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Nora Connolly O'Brien (1893 – 17 June 1981) was an activist and writer; she was also a member of the Irish Senate.

The second daughter of James Connolly and Lillie Connolly, she was born in Scotland. In 1904, the family moved to the United States and returned to Belfast in 1907. In 1911, the family moved to Dublin where she was a founder member of Young Republican Party, the female branch of the Fianna.

After the execution of her father following the Easter Rising in 1916, she became a life long supporter of the republican movement and of the Irish left wing. In 1918, she toured the US lecturing on the Rising. She took part in the Irish War of Independence and was briefly imprisoned during the Irish Civil War. In 1922, she married Seamus O'Brien.

In 1934, Connolly O'Brien supported the Republican Congress movement, but resigned after it refused to become a political party. During the 1930s, she corresponded with Leon Trotsky and became a prominent figure on the European non-stalinist Left.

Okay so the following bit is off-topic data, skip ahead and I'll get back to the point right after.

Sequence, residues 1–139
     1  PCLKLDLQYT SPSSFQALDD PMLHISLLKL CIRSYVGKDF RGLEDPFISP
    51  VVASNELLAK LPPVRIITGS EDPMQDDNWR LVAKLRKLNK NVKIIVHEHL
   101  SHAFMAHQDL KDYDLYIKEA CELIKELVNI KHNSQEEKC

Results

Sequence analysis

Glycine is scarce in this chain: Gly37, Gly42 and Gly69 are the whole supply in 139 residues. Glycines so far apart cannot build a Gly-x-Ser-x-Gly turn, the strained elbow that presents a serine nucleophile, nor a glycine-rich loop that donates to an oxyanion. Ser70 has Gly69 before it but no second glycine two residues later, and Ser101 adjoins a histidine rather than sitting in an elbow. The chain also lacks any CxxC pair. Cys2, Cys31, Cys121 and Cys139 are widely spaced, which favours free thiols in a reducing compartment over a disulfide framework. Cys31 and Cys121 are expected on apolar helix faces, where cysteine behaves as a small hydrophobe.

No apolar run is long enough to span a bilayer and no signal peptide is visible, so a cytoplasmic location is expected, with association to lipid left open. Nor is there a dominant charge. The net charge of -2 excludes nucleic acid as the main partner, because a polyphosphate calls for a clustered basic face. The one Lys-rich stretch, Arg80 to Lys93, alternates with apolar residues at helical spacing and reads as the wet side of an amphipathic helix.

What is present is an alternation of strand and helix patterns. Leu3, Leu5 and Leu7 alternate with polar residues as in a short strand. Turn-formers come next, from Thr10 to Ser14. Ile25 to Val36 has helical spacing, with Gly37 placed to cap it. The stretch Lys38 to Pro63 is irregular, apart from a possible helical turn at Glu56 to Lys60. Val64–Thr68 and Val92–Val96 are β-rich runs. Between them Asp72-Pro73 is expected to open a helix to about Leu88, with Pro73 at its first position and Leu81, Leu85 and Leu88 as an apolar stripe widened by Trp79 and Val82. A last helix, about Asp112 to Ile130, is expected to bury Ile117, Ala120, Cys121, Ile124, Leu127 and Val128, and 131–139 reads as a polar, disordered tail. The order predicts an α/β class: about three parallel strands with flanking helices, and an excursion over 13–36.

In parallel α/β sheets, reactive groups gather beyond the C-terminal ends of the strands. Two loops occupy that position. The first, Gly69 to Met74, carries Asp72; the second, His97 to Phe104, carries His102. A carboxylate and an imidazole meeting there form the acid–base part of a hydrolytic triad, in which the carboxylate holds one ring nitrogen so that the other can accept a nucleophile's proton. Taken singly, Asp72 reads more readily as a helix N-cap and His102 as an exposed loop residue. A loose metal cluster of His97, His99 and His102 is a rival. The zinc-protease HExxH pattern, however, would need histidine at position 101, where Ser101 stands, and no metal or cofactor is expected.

From 1957 to 1969, she served three terms in the Seanad as one of the Taoiseach's nominees.

Shortly before her death in 1981, she spoke at the 1980 Ardfheis of Sinn Féin.

Bibliography

  • The Irish Rebell (1916)
  • The Unbroken Tradition (1918)
  • Portrait of a Rebel Father aka Born of a Rebel Father(1935)
  • James Connolly Wrote for Today – Socialism (1978)
  • We Shall Rise Again (1981, Mosquito Press)

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